"Doing multi-sports just builds a more robust child, a more robust person, all the way through from when they're kids, all the way up."

Within athletics, Corcoran wants to create a pathway to give aspiring youngsters further opportunities to continue to compete as combined event athletes as they move up through the age groups, rather than specialising on one event too early.

The level two coach and coach tutor says: "There is very little combined events competition opportunity for our under-13s to under-20s.

"So, key for me is going to be providing those competition opportunities. At the moment we haven't got those combined events athletes because there is nowhere for them to compete.

"It doesn't have to be a whole decathlon, it can just be three quick events in a couple of hours and that's engaged everybody.

"Just providing that opportunity for them to come along for an afternoon, do a high jump competition, do a shot and an eight hundred or next time we'll do hurdles discus and something else.

"These can be small multi-events competitions. If something goes badly, it doesn't matter, just move on, do the next event. You are always going to go home, hopefully, happy because something's gone right.

"So, with running, jumping and throwing being so fundamental to all of athletics, it seems a massive miss that these competitions don't really exist at the moment.

"We are getting children coming in from under-11s, which is where they are encouraged to run jump and throw, and they get streamlined into an endurance group, sprint group, or a throws group and that's it."

Corcoran says Welsh Athletics has already started putting plans in place to try and encourage multi-talented athletes to adopt a combined events philosophy.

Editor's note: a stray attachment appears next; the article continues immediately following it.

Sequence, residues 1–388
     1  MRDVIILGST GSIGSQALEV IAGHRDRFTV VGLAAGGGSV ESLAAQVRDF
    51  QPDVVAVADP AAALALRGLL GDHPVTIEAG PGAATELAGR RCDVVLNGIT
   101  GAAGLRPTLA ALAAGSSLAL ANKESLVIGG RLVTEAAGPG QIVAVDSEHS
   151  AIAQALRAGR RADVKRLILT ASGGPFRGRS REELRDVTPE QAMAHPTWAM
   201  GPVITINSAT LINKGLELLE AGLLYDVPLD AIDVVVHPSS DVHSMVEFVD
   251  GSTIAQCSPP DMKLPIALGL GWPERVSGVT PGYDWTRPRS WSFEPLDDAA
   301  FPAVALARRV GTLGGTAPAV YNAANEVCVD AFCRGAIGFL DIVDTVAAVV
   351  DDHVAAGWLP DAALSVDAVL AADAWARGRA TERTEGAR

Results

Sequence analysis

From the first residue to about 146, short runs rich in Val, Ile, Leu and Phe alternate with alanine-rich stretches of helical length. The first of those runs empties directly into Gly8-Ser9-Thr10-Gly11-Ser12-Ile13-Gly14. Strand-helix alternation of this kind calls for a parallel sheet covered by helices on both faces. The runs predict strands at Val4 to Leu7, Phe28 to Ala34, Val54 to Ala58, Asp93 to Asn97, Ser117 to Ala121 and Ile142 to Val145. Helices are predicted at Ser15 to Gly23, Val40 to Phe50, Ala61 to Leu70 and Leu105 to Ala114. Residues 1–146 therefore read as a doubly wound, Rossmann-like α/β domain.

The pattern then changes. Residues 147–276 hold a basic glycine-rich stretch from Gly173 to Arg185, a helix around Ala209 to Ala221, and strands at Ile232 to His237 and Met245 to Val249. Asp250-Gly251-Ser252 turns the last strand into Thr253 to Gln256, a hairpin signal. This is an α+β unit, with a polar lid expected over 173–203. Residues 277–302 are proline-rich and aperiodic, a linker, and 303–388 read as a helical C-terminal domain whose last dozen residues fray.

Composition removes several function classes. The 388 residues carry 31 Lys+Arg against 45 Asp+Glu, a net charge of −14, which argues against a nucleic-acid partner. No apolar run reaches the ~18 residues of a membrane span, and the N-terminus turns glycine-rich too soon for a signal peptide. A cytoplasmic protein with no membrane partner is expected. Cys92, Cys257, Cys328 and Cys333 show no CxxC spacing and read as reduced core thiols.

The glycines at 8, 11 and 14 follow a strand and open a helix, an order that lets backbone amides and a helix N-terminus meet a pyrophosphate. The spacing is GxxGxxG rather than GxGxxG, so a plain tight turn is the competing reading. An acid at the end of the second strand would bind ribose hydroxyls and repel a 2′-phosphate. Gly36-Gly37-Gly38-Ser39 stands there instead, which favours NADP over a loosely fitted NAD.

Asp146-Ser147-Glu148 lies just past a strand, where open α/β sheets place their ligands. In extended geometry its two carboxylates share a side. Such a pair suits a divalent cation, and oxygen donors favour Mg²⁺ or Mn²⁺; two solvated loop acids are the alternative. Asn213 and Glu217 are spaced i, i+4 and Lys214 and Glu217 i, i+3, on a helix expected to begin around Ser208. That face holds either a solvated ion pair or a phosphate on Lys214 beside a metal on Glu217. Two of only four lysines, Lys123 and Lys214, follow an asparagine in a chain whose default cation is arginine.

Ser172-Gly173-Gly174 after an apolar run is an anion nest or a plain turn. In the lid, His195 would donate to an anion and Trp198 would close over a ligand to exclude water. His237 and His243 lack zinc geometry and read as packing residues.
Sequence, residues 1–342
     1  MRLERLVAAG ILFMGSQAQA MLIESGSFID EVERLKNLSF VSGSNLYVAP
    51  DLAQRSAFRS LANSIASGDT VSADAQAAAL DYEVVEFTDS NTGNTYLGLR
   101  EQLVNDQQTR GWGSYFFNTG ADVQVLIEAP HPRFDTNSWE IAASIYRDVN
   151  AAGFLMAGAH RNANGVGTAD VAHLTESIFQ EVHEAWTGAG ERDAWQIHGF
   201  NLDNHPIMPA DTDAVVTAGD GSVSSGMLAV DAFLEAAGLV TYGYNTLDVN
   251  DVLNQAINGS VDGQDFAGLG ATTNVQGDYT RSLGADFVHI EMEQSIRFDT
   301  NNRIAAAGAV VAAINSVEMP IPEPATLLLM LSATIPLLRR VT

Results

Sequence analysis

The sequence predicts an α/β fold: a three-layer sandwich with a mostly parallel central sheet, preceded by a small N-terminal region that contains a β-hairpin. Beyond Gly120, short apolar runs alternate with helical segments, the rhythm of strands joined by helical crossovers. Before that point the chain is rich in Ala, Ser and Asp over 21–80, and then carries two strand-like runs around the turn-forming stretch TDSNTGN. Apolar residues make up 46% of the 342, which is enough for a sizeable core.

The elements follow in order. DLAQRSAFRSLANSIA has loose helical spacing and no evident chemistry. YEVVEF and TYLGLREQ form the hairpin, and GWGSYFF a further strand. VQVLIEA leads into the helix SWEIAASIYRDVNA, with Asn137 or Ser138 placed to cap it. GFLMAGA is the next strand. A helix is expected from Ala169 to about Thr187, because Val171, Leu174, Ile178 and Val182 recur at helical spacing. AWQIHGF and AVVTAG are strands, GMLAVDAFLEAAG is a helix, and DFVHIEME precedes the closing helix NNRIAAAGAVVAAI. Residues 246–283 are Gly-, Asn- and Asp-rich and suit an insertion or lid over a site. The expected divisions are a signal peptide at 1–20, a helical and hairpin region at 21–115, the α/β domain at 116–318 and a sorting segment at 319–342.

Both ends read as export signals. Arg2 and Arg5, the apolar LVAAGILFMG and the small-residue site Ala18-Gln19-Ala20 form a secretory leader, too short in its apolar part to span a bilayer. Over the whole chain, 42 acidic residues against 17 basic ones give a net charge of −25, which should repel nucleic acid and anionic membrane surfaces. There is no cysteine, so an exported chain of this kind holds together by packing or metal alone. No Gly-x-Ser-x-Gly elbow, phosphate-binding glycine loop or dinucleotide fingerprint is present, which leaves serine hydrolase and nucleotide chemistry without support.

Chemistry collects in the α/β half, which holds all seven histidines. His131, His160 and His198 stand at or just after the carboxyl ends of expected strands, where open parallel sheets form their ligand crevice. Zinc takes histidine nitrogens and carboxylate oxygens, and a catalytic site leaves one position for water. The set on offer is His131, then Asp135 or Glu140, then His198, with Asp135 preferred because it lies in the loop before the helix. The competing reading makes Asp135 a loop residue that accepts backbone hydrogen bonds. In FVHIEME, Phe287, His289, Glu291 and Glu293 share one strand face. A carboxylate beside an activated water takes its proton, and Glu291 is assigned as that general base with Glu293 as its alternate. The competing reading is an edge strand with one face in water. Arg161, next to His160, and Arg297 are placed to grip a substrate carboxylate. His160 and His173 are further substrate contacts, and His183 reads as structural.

"It's my job to provide opportunities," he says. "We've had a couple of development days just recently in Swansea and Cardiff. We had four events to come and try, practice, so it was all levels for 10-year-olds right up to 20-year-olds.

"There were people from across the spectrum of abilities, so every session was differentiated to ensure everyone was challenged and everyone left smiling, which was the main thing.

"It's not just about performance - athletics shouldn't just be all about that. It's a big part of it, of course, you've got to aspire to be the very, very best, but I always say you can learn lessons on the track that you can't learn anywhere else in your life.

"You're standing on the start line, on your own, you're in front of everybody. You're scared, because you've got to run as fast as you can, everyone's watching you. The more nervous you are before, the better you feel after.

"You can't get that feeling in many places these days. That prepares you for everything . . . for job interviews, for anything in life. It's a shame that more people don't realise how important these types of skills are.

"They are skills that athletics teaches you - hard work, determination, all the usual stuff, and working as part of a team.

"And what happens when it doesn't go right, that's probably most important lesson, what happens when you have a bad run, how do you get out of that?

"There's always ups, don't just worry about the downs. The downs teach you good lessons, but there are definitely going to be more ups than downs."